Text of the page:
Michael Coren is a journalist and broadcaster, as well as the author of 16 books.
When Lucy was a tiny child, just turned four years old, I took her to see The Nutcracker in Toronto, that annual event of pristine Christmas escapism. There she was, in her party dress, with a smile and enthusiastic anticipation, sitting on her booster seat and leaning in as if magnetized to the ballet, its music, and its fantasy. Then the music ended, the audience applauded, and we left.
At which point she began to cry. The tears bisected her miniature cheeks, and she was nothing but weeping and sorrow, and it was as if my life was collapsing before me. Why Lucy, why? She had seemed so exquisitely happy. “Because,” she said, in between gulps for air, “because it’s stopped and it’s finished”—more agonizing gulps—“and I don’t want the magic to be over. I don’t want the magic to end.” Now it was my turn to feel tearful. But I managed to reply: “Darling, I promise you, I promise you with all I have, that the magic will never end.”
It was an enormous promise to make, the earnest, naive kind that parents use that, in the eyes of the child, only burnish their mythical status. But it’s also the kind that infers a kind of control that parents eventually come to realize they do not have.
Then the child turns into the teenager, who becomes the young woman, who is now the beautiful, brilliant 28-year-old who has lived everywhere from New Zealand to Paris, and Oxford to Canterbury. And now she is getting married in September.
I will give a speech at her wedding, and there will be no grotesque clichés about losing a daughter and gaining a husband. But I don’t know what I will tell her. I want to tell her, in the simplest of terms, that I love her. But that phrase seems weak here. It’s a phrase so often used and abused to explain, to sum up, to justify, and even to forgive a whole ocean of emotions and actions. What I feel is more complex than that. After all, the common idea of a parent’s love for a child feels superior, protective, even condescending, when really, a parent’s relationship with a child is symbiotic. Any mother or father who assumes that they are the exclusive guide and guard of their child should think again. Children make the world appear much more dangerous and vulnerable, but also far more exciting and new again. They teach just as much as we do—and in Lucy’s case, I think I’ve more often been the student.
So instead of “I love you,” I would tell her that I’ve often failed. Not through lack of effort, and often due to too much rather than too little concern, but that I got it wrong more times than I can count. That contrary to those syrup-soaked greeting cards, genuine love doesn’t mean never having to say you’re sorry—but saying it almost all of the time.
Instead of “I love you,” I would tell her that a father’s love for a daughter means knowing when one is wrong, trying to repair damage done, empathizing with what can seem bewildering and even intimidating, letting go instead of holding on, seeing the autonomous splendour in a child instead of trying to glorify a version of the parent. Parental love is rejoicing in the shock of the new, and singing the metaphorical songs and poetry of a new generation that does not belong to us.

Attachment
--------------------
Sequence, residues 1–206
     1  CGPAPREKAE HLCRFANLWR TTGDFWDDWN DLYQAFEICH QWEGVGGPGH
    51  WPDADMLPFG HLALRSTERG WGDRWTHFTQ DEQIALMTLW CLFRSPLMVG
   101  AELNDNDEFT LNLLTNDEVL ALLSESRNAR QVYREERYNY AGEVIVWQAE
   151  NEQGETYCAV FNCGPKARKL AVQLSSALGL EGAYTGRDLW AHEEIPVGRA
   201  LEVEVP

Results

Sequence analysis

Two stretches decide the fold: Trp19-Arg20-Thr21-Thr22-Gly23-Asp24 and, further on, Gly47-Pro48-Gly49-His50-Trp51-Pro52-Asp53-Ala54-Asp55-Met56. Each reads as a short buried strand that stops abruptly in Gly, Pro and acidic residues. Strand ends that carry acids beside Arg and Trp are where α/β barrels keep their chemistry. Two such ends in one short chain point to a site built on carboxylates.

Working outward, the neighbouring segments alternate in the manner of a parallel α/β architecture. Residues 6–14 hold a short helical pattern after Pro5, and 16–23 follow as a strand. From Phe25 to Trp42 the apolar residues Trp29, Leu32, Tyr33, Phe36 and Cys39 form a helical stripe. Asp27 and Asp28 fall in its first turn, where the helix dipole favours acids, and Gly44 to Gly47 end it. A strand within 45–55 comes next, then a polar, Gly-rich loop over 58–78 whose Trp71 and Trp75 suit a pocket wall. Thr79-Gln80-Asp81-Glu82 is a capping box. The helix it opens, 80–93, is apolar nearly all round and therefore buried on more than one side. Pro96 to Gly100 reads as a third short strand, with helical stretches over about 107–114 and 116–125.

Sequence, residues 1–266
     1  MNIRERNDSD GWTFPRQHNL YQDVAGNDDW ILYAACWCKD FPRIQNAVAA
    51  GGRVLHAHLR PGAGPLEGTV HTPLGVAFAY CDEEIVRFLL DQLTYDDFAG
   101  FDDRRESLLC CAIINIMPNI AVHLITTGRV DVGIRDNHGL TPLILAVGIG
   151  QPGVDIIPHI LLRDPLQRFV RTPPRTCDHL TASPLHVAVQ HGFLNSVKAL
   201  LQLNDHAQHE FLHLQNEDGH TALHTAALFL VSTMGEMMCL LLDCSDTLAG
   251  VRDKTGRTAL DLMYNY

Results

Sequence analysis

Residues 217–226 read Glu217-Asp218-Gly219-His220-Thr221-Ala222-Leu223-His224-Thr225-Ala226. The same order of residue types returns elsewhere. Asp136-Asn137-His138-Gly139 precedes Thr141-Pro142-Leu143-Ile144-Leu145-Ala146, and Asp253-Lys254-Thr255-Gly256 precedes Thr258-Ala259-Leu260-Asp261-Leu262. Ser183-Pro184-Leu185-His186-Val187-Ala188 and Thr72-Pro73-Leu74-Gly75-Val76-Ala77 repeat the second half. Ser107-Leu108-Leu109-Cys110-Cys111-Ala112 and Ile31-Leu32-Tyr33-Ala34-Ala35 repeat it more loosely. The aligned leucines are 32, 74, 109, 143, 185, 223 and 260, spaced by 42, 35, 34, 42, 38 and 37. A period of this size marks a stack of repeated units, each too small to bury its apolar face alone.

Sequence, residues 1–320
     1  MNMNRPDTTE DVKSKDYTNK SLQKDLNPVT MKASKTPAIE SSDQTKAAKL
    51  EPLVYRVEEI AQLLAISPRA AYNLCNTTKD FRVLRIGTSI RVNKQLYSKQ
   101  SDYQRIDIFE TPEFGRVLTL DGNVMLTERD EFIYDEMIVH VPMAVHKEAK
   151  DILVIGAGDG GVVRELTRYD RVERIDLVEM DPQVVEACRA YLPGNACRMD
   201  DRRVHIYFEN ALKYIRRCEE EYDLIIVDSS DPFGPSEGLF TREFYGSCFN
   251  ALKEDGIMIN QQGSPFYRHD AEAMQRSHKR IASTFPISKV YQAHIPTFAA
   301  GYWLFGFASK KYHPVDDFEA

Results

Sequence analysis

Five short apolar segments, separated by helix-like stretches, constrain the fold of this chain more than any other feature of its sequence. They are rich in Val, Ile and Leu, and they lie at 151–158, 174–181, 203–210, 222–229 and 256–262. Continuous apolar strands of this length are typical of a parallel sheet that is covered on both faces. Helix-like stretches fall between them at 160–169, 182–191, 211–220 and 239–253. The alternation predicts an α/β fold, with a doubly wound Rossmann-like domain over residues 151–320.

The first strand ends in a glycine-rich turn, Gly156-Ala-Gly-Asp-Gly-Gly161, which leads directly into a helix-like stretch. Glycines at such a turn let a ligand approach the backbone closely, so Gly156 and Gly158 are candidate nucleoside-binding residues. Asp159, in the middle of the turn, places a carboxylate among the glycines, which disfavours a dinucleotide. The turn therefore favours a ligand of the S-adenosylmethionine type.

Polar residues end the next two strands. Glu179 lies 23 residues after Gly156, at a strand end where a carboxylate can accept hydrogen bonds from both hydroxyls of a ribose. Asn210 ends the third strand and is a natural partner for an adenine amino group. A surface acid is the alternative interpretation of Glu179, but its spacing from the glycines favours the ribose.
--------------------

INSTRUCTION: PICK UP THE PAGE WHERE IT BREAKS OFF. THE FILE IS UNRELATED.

Instead of “I love you,” I would tell Lucy: you changed me.
Years ago, when I was a new father to this young daughter and even before that, I was a comfortable, complacent social conservative and an orthodox Roman Catholic. Not only was I adamant in my beliefs, I was known to be vocally so. On the radio, in newspaper columns and beyond at the time, my aggressive and uncompromising defence of that Roman Catholic orthodoxy—which held that gay marriage was unacceptable, among other things— may not have been intended to be hateful, but certainly enabled it. I know now I caused people pain.
But five years ago, I had a radical transformation, at its heart forged by a spiritual and religion conversion, layered with a succession of experiences—and by my relationship with Lucy. Despite my beliefs, and despite her longtime rejection of organized religion, she was never didactic, and never asked for any change. But by watching her relationships, inter-actions, and exquisite leaps of tolerance and understanding, I was obliged to hold up a mirror to my ideas, beliefs—and, yes, painful as it is to admit—my prejudices. Her attitudes and relationships liberated me, and frankly her wisdom shamed me. When I embraced equal marriage, social liberalism, and what some see as a revolutionary form of Christianity, Lucy, who has long rejected organized religion, said to me: “Dad, I would never had asked you to do this, but I am so, so glad that you have. I am so happy.” I went to my study and I wept.
My parents are gone now, and how I wish they could have seen their precious granddaughter be married. But the ages of humanity have to pass, as they always have, and always should. Lucy, I know that I too will not be with you forever, and that hurts me and I know hurts you. I have done what I could and tried my inadequate best, but please know, my darling, that I am more proud of you than I could ever say, and that what I told you more than two decades ago still holds true. Not because of anything I could ever do, but because as long as you want it to be so, the magic never ends. The music may stop, the dance will finish, and the curtains may draw, but the magic never ends.
So when I say “I love you,” on your wedding day, I will mean all of this.
This essay is part of Maclean’s Before You Go series, which collects unique, heartfelt letters from Canadians taking the time to say “Thanks, I love you” to special people in their lives—because we shouldn’t have to wait until it’s too late to tell our loved ones how we really feel. Read more essays here. If you would like to see your own letters or reflections published, send us an email here. For more details about submitting your own, click here.